Brazilian Black Tarantula
- Wild Diet: they eat a variety of invertebrates, including insects. May also eat small mammals, reptiles and other spiders.
- Zoo/Aquarium Diet: insects (crickets, dubias, butterworms, etc). After a molt, we do not feed or handle for 2 weeks. Our adults are fed 1 cricket or butterworm/week and our spiderlings were offered 1-2 pinheads 3x per week (Shedd)
Notes on Enrichment & Training
Colony or Breeding Management
Tips on Presentation
- For encounters we transport them in a small petpal w/ some substrate
- We limit the tarantula’s time in the public space to 30 minutes max, 1x per day.
- When 2 staff members are available, 1 will handle the tarantula and the other will talk to guests. When only 1 staff member is available, the tarantula stays inside its petpal and is display only. Guests are not allowed to touch or handle any of our tarantulas.
Tips on Handling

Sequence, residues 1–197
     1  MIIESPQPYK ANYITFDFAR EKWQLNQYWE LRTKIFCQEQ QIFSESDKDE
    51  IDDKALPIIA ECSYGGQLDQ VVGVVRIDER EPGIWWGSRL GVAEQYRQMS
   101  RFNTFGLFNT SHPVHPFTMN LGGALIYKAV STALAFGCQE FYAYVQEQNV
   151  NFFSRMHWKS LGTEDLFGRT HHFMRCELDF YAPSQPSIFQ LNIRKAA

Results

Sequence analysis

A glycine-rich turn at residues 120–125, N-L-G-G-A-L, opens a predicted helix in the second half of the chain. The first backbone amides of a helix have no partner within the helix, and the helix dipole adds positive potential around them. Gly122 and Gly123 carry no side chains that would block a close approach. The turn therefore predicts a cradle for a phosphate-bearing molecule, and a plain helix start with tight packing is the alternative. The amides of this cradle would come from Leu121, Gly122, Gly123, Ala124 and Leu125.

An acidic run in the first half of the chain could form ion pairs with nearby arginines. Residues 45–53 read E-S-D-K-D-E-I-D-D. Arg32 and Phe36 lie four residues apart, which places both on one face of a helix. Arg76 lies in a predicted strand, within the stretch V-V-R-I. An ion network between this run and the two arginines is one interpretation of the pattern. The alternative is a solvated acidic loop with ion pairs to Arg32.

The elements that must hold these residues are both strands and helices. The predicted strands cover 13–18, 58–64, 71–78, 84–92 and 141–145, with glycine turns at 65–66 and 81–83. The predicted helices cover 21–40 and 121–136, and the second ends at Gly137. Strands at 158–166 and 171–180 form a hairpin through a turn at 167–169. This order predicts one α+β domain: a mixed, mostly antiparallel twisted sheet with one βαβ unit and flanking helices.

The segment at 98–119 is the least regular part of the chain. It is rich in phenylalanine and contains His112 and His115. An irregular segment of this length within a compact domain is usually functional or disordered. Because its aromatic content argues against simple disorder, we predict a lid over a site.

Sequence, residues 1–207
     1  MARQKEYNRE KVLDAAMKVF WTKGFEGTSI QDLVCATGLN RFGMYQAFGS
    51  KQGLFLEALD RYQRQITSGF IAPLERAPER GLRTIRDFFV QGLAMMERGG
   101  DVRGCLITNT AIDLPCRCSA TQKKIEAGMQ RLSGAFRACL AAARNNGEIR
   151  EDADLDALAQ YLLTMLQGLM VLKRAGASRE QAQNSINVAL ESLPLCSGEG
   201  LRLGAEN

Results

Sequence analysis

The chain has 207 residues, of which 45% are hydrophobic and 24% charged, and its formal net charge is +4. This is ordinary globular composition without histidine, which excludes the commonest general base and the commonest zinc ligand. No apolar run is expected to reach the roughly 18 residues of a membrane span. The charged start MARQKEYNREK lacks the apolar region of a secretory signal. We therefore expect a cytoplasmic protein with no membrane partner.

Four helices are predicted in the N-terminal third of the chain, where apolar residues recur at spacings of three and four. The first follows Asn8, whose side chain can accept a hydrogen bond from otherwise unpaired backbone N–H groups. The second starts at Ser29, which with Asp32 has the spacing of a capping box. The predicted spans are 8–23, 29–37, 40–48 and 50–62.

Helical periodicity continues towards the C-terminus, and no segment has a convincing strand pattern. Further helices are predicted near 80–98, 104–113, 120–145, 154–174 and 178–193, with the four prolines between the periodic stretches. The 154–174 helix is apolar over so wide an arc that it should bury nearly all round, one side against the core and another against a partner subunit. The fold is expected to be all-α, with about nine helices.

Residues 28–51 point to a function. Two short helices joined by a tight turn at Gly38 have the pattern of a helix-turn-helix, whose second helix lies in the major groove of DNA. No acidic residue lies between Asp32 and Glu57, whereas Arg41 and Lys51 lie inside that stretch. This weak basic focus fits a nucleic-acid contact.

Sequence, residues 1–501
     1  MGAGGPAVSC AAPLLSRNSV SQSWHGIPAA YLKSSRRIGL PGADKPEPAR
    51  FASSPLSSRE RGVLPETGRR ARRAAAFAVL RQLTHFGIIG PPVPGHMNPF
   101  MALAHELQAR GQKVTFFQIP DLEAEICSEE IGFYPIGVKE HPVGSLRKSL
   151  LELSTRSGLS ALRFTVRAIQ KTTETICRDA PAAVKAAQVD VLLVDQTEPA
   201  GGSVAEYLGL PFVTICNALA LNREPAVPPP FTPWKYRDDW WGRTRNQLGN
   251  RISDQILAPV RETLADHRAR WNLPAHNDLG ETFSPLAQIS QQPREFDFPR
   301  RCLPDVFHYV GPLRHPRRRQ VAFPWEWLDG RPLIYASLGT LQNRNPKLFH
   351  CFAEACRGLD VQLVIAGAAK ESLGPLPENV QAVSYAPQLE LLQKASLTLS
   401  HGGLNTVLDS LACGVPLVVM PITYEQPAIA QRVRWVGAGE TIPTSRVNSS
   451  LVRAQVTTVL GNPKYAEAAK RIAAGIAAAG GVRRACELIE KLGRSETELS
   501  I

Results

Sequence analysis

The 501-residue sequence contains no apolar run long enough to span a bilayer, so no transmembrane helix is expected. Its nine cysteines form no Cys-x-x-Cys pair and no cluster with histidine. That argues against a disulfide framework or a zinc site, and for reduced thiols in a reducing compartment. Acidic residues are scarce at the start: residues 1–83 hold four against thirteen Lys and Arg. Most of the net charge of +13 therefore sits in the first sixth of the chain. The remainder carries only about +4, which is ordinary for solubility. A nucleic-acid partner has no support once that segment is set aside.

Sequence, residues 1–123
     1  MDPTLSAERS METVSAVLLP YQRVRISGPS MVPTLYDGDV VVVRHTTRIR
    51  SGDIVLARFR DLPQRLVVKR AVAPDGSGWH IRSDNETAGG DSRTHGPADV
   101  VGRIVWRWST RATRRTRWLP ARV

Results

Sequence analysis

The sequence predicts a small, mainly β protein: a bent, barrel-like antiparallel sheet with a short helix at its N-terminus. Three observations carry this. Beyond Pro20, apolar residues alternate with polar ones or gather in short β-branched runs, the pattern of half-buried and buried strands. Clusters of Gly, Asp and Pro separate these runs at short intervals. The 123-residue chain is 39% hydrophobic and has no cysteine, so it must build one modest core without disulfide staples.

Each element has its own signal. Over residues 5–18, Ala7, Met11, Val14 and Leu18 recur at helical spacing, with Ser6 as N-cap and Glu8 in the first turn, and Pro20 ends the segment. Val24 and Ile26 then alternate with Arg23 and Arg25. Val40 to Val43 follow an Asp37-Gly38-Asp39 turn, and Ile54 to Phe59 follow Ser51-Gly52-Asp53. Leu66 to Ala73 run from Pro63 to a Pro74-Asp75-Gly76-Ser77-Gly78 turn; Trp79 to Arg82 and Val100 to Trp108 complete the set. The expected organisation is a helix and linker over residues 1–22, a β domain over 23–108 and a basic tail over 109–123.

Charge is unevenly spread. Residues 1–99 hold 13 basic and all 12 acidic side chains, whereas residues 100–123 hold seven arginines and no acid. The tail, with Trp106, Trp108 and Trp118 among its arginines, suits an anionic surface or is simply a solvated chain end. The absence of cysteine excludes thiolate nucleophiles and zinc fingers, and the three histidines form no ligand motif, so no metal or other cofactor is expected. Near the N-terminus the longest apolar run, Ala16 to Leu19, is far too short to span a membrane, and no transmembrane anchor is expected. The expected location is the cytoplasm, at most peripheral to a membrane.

- We acquired ours as spiderlings and started conditioning them to our hands almost right away. We started actual handling when they grew to about 2-3 inches in diameter. For initial handling, it can be helpful to scoop up some substrate onto your hand along with the tarantula as to not overwhelm them with the smell/feel of your bare hand. (Shedd)
- Females tend to grow larger and live longer than males, so they tend to make a better program animal. Males become skittish after their mature molt and feeding becomes less consistent so we “retire” them (are no longer handled or used for programs). (Shedd)
- They have urticating hairs that some people are sensitive to. We do not wear gloves while handling but it’s helpful to wear gloves when changing substrate. Our do not normally actively flick hairs but will often spin web on your hand while handling. (Shedd)
Comments from the Rating System
Natural History Information
Range and Habitat
Uruguay and Brazil. Are burrowers in grasslands and tropical forests.
Threats and Conservation Status
Did you know…
Contributors and Citations
- Shedd Aquarium